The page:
The Monterey Bay Aquarium's Sea Otter Program

From The Monterey Bay Aquarium:

The Monterey Bay Aquarium's Sea Otter Program has been studying the threatened southern sea otter since 1984 with the aim of understanding threats to the population and promoting its recovery. We rescue, treat and release injured otters; raise and release stranded pups through our surrogate program; seek homes for sea otters that can't return to the wild; and conduct scientific research.

Sea Otters Under Siege

Southern sea otters once ranged from Baja California to the Pacific Northwest. But, by the 1920s, they were considered extinct due to intensive hunting. They were listed as "threatened with extinction" under the Endangered Species Act in 1977. But despite decades of federal and state protection, the California population of southern sea otters (Enhydra lutris nereis) is still only a fraction of its historic numbers, estimated at 16,000 to 20,000 animals.

Recent research by the U.S. Geological Survey and the Aquarium suggests that the sea otter population growth rate is limited by food availability. In the meanwhile, the risk of a major oil spill remains a serious threat.

Why Are Sea Otters Important?

Sea otters are an iconic species, representing the beauty and diversity of life in Monterey Bay. They're also a keystone species, determining the kinds and health of species in nearshore environments. They eat sea urchins and other invertebrates that graze on giant kelp. Without sea otters, urchins prevent kelp forests from forming important habitats for many animals.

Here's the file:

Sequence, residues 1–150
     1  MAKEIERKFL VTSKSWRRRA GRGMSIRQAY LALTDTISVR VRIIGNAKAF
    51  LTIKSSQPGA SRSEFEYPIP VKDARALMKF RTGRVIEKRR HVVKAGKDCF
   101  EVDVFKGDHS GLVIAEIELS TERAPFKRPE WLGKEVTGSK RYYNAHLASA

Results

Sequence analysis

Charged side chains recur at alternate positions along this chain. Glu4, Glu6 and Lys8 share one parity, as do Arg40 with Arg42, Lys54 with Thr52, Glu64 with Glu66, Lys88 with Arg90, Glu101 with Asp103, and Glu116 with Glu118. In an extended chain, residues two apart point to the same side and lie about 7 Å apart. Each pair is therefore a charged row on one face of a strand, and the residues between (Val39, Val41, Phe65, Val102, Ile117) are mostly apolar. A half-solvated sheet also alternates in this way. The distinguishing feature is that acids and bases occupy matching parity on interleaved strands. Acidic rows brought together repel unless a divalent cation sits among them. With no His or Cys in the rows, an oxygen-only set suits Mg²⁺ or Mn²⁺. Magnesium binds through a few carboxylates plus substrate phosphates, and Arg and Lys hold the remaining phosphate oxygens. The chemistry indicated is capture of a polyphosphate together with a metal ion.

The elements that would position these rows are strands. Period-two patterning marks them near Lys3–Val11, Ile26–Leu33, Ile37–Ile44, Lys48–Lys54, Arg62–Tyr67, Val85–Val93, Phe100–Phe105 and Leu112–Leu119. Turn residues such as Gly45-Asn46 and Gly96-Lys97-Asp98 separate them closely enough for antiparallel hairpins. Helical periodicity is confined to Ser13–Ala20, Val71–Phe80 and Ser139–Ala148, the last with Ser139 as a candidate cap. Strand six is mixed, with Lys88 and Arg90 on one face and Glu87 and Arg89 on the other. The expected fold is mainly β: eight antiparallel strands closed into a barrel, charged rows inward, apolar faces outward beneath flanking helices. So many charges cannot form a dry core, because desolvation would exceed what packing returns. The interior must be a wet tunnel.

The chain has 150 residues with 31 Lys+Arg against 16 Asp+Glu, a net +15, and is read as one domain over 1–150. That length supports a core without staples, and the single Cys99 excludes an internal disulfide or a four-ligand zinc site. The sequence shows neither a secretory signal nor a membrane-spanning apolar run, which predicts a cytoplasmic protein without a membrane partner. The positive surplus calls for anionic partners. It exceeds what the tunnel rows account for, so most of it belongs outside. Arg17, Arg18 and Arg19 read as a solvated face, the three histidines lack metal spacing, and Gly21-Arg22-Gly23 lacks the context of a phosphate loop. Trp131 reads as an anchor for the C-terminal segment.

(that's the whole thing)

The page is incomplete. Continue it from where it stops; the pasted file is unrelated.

Sea otters are also good indicators of ocean health. Since they are the top predator of invertebrates along the California coast, changes in their health can make scientists aware of variations in the ocean environment itself.

Sea Otter Recovery

By 1911, when sea otters gained protection under international treaty, a small group of perhaps 50 otters survived along the remote Big Sur coast. Since then, they've slowly expanded their range and grown in number to nearly 3,000. As of 2014, their range extends from south of Half Moon Bay in the north to south of Point Conception in the south—only a small part of their historic range.

Learn More.